Yes, ‘tis the season to be jolly. An old man has just finished emptying his sack in living rooms across the land, delivering his presents to kids down their chimneys because Mrs. Claus told him he’d never get in the back door… Wait, can we start again? Indeed, that is precisely what the EU will be asking throughout 2015 unless Germany does more to stimulate domestic consumption and investment.
In the third quarter the euro zone grew by just 0.6% at an annualised rate. Who is to blame? Das ist the question. You’d be forgiven for throwing the plates of responsibility at Greece, but that would be an uncalled for waste of dinnerware. Yes, traditionally allied with meaty sausages and gigantic jugs of beer, the European powerhouse that is Germany has been struggling with a stagnant economy as of late. Uh oh. Surprising, I know, seeing as the Germans have been raking it in for the past month at Winter Wonderland!
Germany’s GDP – (what’s GDP? ‘Gross Domestic Product’ – the monetary value of all the finished goods and services produced within a country’s borders in a specific time period) – grew by just 0.1% in the third quarter, after contracting by the same amount in the previous three months. Considering the penalty kings have been recognised in recent years as the largest national economy in Europe, the fourth-largest by nominal GDP in the world, and championing one of the lowest European unemployment rates, the ramifications of a torpid German economy are considerably worrying for the rest of the EU.
Angela Merkel, the German Chancellor, has been receiving a fair bit of foreign flack for the slump, and is being urged to stimulate domestic consumption. Consumption of goods in general, not just sausages. This would assist countries like France and Italy as they undergo tough structural reforms. Higher imports would also reduce Germany’s current-account surplus, the largest in the world and a cause of imbalances within Europe and beyond. Stimulating demand would push up prices, which could save the euro zone from tipping into the wurst (pun intended) type of –ation, namely deflation.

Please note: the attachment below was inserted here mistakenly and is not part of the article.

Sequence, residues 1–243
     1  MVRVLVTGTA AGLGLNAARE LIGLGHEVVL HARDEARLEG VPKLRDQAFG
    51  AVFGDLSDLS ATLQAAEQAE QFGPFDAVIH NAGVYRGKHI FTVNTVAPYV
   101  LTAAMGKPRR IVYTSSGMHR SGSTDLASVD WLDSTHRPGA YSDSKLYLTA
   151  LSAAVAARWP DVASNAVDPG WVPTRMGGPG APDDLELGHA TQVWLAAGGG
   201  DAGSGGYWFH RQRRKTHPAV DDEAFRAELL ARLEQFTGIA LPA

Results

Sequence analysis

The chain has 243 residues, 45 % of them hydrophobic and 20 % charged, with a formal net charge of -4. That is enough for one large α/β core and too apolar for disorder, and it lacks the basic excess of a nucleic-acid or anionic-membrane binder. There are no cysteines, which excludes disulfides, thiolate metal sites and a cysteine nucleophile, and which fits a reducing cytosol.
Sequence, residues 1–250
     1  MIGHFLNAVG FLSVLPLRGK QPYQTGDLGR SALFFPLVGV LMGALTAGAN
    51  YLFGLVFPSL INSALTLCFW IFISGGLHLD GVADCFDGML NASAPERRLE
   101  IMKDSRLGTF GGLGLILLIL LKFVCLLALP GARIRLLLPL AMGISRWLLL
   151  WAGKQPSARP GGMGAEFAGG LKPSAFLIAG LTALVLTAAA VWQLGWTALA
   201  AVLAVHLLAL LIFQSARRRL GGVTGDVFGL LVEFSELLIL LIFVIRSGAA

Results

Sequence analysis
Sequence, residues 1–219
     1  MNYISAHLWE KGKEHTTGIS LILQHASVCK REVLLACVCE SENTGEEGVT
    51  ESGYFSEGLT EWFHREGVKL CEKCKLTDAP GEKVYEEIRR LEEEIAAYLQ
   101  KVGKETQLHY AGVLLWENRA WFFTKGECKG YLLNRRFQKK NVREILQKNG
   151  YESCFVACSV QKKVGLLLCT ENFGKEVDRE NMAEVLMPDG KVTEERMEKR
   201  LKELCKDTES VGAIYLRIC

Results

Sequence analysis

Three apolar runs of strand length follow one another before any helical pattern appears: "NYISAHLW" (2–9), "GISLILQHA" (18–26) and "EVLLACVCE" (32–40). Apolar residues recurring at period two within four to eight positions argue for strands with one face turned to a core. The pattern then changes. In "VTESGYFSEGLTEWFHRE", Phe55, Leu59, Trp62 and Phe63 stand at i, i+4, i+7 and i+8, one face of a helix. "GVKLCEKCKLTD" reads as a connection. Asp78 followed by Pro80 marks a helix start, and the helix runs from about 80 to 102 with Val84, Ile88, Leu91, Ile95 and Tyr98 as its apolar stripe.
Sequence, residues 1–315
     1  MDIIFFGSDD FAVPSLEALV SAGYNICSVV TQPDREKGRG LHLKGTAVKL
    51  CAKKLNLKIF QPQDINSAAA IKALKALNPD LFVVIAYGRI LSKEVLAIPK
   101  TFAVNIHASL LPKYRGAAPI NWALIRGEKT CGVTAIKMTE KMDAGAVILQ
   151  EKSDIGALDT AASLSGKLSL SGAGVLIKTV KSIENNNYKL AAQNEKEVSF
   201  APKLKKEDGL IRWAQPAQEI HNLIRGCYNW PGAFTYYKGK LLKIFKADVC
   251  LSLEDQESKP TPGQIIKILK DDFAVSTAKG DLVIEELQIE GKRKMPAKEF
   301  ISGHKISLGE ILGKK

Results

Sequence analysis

Indeed, the ECB (European Central Bank) has been buying covered bonds and asset-backed securities to try to revive the eurozone economy and keep deflation at bay. However, the crux of the matter is simply that Germans don’t like spending unnecessary money. Following the Second World War, times were hard. Very hard. Like Phil Mitchell hard. Germans had to be very economical and efficient with their money, and this trait has been passed down through subsequent generations.
So, is it just the native Germans being tight which is causing tension? Nein. At least that is the opinion of the President of the Ifo Institute for Economic Research, Hans-Werner Sinn, who has challenged a study claiming immigrants are bringing money to Germany. The economist said Germany is a “magnet for unqualified immigrants.” In a new calculation, Ifo Institute claims that “every migrant costs 1,800 euros more per year than they contribute.” These assertions alarmingly coincide with the growing anti-islam PEDIGA movement, who have staged several protest rallies across Germany over the last couple months. Such protests seemingly discriminated against people with different skin colour or religion. This all feels uncomfortably familiar. Merkel recently stressed that Germany wanted “security in Europe together with Russia, not against Russia.” Let’s hope so, otherwise there could be some t-rouble in the coming decade.
By Garry Caprani